I can't finish this post however without mentioning Jay73's verdict
"I have only read Glenda's profile and the headline of this article so all I know at the moment is that she specialises in crap titles for things and looking scarily intense in photographs."
Hahahaha.  Too true (although I didn't write the headline in this case). The sad thing is, as anyone who's met me knows, I look scarily intense in real life as well.

Monday, May 19, 2008

More Burma/China thoughts

Kim Fletcher on the difficulties of reporting the two disasters in Media Guardian and Jeff Jarvis on how Twitter broke the news of the Chinese earthquake. Plus - something I'd missed - a BBC apology for using old tsunami footage.

Sunday, May 18, 2008

Merlin's wizardry? Burma and the new journalism
I've just watched the most extraordinary edition of the Ten O'Clock News tonight for two reasons. First of a 20 minute bulletin 7 minutes was given over to both Burma and China; this, so many days on is a significant percentage of a bulletin; agencies have worked hard to keep both in the news. Both stories defy the usual rules of disaster reporting; for a domestic audience like the UK these are faraway countries (although there is a significant Chinese diaspora here, and a historical legacy with Burma). Even so, for a third of a bulletin to be devoted to disasters that happened more than a week ago is unusual.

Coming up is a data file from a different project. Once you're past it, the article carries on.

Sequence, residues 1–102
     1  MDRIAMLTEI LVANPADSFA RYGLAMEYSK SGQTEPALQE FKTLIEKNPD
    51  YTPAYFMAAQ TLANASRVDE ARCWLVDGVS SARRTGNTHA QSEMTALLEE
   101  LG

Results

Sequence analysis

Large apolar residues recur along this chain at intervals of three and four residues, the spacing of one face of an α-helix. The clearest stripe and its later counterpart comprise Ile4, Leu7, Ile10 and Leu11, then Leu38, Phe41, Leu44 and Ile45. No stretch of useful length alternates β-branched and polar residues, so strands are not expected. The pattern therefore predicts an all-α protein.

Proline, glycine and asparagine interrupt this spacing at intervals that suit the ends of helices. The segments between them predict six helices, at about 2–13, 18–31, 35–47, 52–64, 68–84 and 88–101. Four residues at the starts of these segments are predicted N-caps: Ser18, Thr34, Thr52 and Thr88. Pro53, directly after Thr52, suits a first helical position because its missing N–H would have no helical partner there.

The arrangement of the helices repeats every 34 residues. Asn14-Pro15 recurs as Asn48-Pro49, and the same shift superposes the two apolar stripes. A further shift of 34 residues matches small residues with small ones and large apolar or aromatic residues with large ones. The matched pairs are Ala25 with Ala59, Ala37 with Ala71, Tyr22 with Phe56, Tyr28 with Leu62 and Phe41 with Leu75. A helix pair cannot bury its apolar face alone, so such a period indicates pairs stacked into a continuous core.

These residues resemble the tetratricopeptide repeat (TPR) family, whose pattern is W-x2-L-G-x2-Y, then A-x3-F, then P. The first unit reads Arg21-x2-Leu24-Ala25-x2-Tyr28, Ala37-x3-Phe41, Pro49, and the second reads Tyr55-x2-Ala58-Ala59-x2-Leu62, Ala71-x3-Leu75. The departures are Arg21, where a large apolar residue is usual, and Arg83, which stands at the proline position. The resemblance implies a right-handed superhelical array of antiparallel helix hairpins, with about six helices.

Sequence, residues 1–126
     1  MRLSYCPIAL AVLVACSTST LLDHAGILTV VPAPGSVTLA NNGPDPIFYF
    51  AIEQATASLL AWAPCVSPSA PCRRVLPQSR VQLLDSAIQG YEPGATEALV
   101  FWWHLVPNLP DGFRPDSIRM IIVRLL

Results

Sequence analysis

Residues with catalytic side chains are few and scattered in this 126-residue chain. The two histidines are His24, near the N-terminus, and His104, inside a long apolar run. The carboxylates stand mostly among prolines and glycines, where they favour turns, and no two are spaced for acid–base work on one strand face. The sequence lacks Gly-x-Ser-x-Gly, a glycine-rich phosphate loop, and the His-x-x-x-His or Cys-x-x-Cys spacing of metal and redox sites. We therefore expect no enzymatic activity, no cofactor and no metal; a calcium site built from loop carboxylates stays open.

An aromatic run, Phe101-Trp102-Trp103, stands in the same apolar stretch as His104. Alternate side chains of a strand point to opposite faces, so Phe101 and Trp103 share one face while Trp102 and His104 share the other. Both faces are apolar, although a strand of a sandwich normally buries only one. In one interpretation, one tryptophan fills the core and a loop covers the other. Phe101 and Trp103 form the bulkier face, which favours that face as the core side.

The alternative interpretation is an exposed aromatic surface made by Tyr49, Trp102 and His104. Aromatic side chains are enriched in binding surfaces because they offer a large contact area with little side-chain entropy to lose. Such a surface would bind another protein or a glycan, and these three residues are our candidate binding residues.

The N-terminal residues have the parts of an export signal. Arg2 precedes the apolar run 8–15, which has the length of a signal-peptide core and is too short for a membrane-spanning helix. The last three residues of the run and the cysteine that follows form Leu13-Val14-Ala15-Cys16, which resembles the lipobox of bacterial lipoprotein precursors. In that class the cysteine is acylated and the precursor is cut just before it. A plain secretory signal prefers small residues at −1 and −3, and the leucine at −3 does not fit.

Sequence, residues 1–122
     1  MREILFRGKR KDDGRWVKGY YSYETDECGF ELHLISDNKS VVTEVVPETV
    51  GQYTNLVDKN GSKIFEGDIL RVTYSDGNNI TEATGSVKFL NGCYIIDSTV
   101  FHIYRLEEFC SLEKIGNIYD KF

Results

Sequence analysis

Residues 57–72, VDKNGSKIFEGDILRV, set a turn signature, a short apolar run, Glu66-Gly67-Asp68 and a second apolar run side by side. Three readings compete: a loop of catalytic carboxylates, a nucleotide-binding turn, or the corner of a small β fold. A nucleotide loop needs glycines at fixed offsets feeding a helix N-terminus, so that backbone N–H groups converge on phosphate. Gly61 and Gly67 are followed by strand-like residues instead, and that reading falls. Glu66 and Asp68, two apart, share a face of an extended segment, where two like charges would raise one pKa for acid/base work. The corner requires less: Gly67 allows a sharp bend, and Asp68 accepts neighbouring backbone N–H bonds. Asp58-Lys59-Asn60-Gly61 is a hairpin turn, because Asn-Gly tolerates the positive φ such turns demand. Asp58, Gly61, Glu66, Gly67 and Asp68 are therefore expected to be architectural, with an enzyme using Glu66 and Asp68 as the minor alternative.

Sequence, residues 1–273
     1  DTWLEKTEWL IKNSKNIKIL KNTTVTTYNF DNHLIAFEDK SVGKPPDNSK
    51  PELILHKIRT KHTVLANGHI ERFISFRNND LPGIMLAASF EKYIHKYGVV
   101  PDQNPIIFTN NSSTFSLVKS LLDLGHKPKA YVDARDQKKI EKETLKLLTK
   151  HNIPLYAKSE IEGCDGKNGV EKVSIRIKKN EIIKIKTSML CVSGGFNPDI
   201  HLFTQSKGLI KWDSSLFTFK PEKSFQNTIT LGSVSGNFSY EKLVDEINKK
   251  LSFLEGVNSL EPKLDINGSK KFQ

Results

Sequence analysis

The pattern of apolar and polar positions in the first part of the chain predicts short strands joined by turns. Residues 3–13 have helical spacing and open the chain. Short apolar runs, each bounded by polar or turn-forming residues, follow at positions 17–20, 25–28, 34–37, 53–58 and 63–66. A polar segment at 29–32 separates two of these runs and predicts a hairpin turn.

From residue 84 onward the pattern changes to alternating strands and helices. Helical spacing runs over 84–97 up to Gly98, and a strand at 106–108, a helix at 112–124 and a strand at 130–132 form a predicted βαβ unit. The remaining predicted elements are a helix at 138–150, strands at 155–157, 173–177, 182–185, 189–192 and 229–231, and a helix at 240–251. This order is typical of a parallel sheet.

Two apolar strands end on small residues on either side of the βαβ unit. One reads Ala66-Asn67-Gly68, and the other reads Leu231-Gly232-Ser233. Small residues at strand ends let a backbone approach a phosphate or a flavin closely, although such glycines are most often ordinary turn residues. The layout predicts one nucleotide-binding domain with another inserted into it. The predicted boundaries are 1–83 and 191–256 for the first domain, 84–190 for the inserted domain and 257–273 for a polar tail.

Second one or other of them should be in the news; not both. Jonathan Benthall in Disasters, Relief and the Media quoted a French newscaster as calling it the "funnel" effect - that emotion can only be channeled one way at one time. I call it the Mother Teresa Death syndrome; the nun who toiled in Calcutta could have expected huge swathes of news print dedicated to her achievements; nstead because she died on the eve of Diana Princess of Wales's funeral, the queen of nuns was elbowed out by the queen of hearts.
However, both have survived. Part is luck: there are no other running foreign stories. Part is the interesting problems both throw up: the debate over whether Burma should be forced to accept aid on one side versus China's 'openness' compared to previous occasions. Part is hard work by the aid agencies to ensure the story stays in the public domain.